Samhain, the old Celtic pagan holiday underlying Halloween, has recently passed. It’s the old New Year, and it’s a time of endings and beginnings. It’s also a time when the residents of the other world — gods, sidhe, and the dead — are more able to reach out of their realm into ours. For most modern pagans, Samhain is a time to honor ancestors and teachers who have passed away.
We took our children to Celebrate Samhain, a gathering hosted by the Spiral Scouts in Peterborough, New Hampshire. The price of admission: nonperishable food items or winter clothing in good condition. (The Spiral Scouts, which you can learn more about here, is an organization analogous to the Boy Scouts and the Girl Scouts, but you don’t have to be monotheistic to join.)
Continue reading “Samhain 2006”
This past Monday we finally managed to get the family out in to the woods to celebrate the autumnal equinox — Alban Elued in the Druid Revival tradition. Two weeks previous, at the actual equinox, my wife was quite sick with a cold. One week ago it was raining cats and dogs. This weekend was perfect.
Continue reading “Alban Elued: Gaudeamus Hodie”
For some notes on the origin and meaning of Alban Elued, see this previous post.
Our family’s Alban Elued ritual is drawn directly from the pages of John Michael Greer’s Druidry Handbook. It is in no way supposed to be a reconstructed ritual, a reenactment of what ancient Druids performed 2000 years ago. Almost nothing is known about their rituals or holidays. Instead, this is a ritual of the Druid Revival tradition, which mixes elements of known Celtic mythology with Arthurian romances and 19th-century mysticism. The overall effect is eclectic and hermetic, infused throughout with nature symbolism.
Continue reading “Alban Elued Revival Druid Ritual”
This morning was deliciously bright, clear, and cool in western Massachusetts, reminding me that Alban Elued, the Druid celebration of the Autumnal Equinox, is coming before long. Another big hint is that we just spent a tidy bundle on back-to-school clothes.
Continue reading “On the Druid Path to Alban Elued, the Autumn Equinox”
Lughnasadh (pronounced lune-ah-sah) was a summer festival of the ancient Celts, celebrated around August 1. My understanding is that it is known that it was celebrated at either the full moon or the new moon closest to the midpoint between the summer solstice and the autumnal equinox. Since the midpoint is on August 6th, that means that this year, Lughnasadh falls on either July 25 (the new moon) or August 9 (the full moon). We celebrated the new moon this year; for the reason why, see the footnote below.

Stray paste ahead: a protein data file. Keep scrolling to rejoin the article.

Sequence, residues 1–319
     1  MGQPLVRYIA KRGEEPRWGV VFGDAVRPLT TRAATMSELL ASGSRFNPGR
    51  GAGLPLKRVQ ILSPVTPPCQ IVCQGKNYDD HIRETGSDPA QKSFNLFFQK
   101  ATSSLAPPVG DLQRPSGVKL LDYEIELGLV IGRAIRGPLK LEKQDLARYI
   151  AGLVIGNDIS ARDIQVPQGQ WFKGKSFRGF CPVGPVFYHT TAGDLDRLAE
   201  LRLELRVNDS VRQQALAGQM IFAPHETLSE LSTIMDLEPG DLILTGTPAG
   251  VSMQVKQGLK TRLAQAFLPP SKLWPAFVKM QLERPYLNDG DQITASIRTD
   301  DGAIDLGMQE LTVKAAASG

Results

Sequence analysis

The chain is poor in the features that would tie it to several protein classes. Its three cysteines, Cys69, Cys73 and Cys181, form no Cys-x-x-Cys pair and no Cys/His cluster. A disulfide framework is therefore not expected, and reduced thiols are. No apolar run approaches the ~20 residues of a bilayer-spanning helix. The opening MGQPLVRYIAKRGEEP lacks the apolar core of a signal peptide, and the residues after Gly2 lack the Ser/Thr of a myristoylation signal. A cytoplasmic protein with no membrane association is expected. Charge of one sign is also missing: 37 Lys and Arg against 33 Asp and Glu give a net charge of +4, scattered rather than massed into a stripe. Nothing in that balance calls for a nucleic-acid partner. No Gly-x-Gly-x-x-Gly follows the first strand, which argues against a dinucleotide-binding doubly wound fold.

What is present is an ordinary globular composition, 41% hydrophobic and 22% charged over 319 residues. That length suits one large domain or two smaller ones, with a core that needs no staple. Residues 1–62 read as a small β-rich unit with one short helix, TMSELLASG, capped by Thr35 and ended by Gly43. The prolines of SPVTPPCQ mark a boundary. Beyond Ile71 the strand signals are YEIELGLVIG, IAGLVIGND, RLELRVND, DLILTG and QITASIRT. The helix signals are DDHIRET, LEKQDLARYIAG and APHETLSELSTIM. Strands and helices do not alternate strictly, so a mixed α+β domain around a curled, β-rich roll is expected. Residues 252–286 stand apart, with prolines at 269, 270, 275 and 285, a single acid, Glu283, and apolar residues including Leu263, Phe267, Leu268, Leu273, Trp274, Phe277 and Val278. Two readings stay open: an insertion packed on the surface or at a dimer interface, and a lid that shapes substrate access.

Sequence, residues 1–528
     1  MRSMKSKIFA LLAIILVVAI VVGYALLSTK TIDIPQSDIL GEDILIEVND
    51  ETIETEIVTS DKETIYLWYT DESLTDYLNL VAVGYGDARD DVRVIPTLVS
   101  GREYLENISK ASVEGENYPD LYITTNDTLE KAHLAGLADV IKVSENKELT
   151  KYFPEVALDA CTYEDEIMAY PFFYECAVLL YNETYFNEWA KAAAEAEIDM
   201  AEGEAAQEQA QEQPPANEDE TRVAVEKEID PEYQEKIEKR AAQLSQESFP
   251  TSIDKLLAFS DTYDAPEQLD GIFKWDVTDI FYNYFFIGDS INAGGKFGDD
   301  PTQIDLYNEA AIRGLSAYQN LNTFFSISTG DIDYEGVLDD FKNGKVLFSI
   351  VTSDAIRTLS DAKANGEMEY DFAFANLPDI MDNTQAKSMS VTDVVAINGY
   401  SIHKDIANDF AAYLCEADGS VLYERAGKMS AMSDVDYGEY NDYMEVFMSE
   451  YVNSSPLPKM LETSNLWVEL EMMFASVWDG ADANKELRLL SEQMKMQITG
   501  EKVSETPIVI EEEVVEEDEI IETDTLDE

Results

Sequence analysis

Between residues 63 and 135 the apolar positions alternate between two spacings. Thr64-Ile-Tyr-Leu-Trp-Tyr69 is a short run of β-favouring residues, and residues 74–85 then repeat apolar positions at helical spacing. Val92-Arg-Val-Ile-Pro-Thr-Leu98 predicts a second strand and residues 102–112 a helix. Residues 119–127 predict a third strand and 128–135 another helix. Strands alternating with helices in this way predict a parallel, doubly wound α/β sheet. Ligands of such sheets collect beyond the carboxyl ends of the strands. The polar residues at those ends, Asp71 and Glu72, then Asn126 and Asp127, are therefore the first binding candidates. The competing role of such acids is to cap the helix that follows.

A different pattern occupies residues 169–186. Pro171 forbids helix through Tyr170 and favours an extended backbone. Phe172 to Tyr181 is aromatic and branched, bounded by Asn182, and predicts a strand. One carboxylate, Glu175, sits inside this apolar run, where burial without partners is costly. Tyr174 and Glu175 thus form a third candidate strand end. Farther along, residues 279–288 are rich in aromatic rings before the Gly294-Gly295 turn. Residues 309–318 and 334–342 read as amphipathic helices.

Legend has it that the god Lugh established the holiday in honor of his mother, Tailtiu. Traditionally, it was celebrated with trade festivals, fairs, and bonfires. In the modern Druid Revival tradition, Lughnasadh is the midpoint between Midsummer and the fall equinox, one of the eight primary holidays of the Sun Path.
For some reason, the company I work for, which builds dictation software, has not yet established Lughnasadh as a company holiday. So we decided to celebrate on Sunday, the 23rd, instead.
Continue reading “Lughnasadh 2006”
I’m engaged in the Candidate Year of membership in the Ancient Order of Druids in America. Here I’ll go into some detail about some of the requirements and how I plan to meet them.
Continue reading “On the Druid Path to Lughnasadh”
Scrunch up on the couch
And cuddle in my arms,
Thor’s out a-striding,
And frightening the children.
He’s barreled down Bifrost
And slung his hammer wide,
It smacks and cracks the mountaintops,
It rivens the summer sky.
Lightning-crowned thunder clouds
Follow in his train,
They slam our doors and windows,
They whip the porch with rain.
Forget the hazy heat of the day,
Forget your games and plans you laid,
The world outside is a dangerous place
Where gods walk and giants play.
Now Thor’s grumbling beyond the hills,
He has children of his own,
And promises to keep.
The rain is soft, the air is cool,
The birds are singing,
The children asleep.
Continue reading “Thor’s Stroll”